A paid parental leave policy for city employees will benefit our community. This policy—nearly universal among other developed nations—is positive for families. It will also help Lakewood attract and retain the talent necessary for high quality services, as more Ohio employers begin introducing parental leave benefits.
Paid parental leave is also more than a benefit, however. I have worked throughout my time at City Hall to adopt this policy because it is an important commitment to equality and fairness.
From the moment people are born in this world, giving birth to another generation is ruled out for half, by biological reality. Society’s entire future relies on most women giving birth. We need to acknowledge our collective dependence on that, and provide paid leave specifically for birth and recovery, rather than treat them like things everyone may go through. The leave available to those who will never give birth is just not adequate for those who do.
I appreciate the support from City Council which has at last made this policy possible, after years of work.
We accomplished a great deal together as a community in October.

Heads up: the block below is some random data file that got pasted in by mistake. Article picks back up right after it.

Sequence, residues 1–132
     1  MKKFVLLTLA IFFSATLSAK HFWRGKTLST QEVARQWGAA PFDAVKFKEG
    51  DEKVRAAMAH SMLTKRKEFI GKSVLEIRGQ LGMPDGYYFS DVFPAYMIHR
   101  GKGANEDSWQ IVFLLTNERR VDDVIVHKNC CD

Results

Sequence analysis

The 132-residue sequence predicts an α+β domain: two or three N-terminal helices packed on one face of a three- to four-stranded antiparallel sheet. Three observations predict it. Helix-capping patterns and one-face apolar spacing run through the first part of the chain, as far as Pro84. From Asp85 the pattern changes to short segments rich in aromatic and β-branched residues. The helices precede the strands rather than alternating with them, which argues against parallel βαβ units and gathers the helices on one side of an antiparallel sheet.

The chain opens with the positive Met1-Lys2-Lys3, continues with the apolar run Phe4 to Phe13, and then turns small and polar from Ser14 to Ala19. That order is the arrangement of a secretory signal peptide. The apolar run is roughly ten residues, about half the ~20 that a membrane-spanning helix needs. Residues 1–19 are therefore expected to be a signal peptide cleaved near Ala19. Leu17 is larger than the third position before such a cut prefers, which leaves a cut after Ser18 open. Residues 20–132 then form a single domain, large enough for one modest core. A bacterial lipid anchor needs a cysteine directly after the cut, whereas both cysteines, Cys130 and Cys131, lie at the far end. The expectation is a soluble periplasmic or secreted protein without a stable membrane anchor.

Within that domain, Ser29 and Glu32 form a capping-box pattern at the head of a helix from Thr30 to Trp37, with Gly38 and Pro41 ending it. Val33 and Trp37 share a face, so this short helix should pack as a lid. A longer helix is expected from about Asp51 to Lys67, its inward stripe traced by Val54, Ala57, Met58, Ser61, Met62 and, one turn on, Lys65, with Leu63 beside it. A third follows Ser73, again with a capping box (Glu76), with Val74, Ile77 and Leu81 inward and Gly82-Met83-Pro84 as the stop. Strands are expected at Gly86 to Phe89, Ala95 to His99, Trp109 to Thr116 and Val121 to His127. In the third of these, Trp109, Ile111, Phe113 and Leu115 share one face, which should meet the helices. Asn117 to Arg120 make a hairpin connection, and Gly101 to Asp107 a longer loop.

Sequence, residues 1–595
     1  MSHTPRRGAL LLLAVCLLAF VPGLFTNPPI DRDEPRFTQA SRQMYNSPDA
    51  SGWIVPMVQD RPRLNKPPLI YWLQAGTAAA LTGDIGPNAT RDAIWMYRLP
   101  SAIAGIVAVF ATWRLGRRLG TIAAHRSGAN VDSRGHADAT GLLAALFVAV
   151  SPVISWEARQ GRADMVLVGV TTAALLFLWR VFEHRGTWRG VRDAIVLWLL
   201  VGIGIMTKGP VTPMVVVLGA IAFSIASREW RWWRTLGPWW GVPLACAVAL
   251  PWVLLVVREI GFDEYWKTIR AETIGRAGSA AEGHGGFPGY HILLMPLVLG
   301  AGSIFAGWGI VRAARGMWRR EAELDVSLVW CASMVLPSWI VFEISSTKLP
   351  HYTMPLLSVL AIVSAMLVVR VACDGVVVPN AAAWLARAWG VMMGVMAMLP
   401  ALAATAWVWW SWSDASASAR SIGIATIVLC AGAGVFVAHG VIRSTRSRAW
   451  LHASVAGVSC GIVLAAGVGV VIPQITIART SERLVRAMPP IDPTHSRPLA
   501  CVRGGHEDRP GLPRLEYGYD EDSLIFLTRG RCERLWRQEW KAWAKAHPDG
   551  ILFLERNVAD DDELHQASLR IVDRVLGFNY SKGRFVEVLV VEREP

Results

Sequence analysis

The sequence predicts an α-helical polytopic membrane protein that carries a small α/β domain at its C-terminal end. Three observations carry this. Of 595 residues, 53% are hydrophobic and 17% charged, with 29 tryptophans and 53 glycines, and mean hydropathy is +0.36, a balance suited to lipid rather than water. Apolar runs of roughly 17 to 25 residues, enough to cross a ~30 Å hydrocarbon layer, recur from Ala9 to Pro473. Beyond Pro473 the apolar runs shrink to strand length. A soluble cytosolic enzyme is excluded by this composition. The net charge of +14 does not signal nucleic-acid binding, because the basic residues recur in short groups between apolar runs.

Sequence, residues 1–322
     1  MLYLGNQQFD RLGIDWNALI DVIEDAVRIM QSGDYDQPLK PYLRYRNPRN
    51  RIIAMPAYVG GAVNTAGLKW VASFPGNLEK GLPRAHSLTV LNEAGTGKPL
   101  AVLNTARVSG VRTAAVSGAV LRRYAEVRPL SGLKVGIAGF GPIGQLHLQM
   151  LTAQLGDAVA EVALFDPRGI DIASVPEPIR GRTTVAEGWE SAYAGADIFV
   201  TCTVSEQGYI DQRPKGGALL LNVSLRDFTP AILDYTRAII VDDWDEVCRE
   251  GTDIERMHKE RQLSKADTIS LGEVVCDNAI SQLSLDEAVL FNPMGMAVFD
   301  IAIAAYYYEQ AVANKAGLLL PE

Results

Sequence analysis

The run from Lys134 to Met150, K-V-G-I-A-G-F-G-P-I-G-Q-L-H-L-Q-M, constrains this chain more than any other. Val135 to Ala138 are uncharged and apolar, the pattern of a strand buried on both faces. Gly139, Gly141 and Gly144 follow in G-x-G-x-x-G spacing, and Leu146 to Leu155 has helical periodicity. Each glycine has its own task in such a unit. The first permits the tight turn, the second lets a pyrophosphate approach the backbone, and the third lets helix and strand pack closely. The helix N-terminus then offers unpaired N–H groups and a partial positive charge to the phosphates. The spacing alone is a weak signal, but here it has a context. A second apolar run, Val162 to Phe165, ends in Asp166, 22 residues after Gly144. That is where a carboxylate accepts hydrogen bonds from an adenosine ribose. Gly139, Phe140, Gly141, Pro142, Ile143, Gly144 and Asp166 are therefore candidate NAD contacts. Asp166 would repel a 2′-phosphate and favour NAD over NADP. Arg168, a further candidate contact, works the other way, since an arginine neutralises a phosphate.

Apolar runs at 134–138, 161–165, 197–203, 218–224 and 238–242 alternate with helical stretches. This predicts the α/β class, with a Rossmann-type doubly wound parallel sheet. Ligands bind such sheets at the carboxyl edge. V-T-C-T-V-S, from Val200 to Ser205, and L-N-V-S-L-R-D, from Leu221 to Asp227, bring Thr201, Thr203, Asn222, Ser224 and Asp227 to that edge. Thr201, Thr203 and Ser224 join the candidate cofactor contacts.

We completed our Census work—earlier than we hoped—but we still managed to improve our overall response rate in Lakewood compared to the last Census ten years ago.
Our 2020 street resurfacing program has come to a close. We improved 9 streets with over $1.7 million in materials and labor. We completed the installation of a new electric vehicle charging station near the intersection of Parkhaven Row and Detroit.
I participated in Power a Clean Future Ohio’s “Ohio Leaders for Climate Accountability Roundtable” to share the work my administration is doing to preserve and protect our environment. I also attended the kickoff meeting for Cuyahoga County’s Lakefront Public Access Plan, for which I serve on the steering committee. The goal of this Plan is to better access and utilize Lake Erie assets to improve economic opportunities and quality of life.
I pledged to emphasize strong public finances, as mayor. Amid the disruptions of the COVID-19 pandemic, my administration is both advocating for federal and state assistance, and finding savings locally.
Applying my background in employee benefits, Lakewood is on course to save more than $100,000 in benefits over the next 12 months. The city has also saved more than $300,000 overtime this year, compared to 2019.
Between disrupted economic conditions, and delayed tax filing deadlines, estimating an eventual budget shortfall is difficult but we are taking no chances. We have reduced payroll further, through voluntary furloughs, while avoiding layoffs, and placed projects on hold where possible to protect the city’s bond rating.
While tough work remains ahead, all of Lakewood can be proud of how city departments have stepped forward with a get-through-this-together spirit.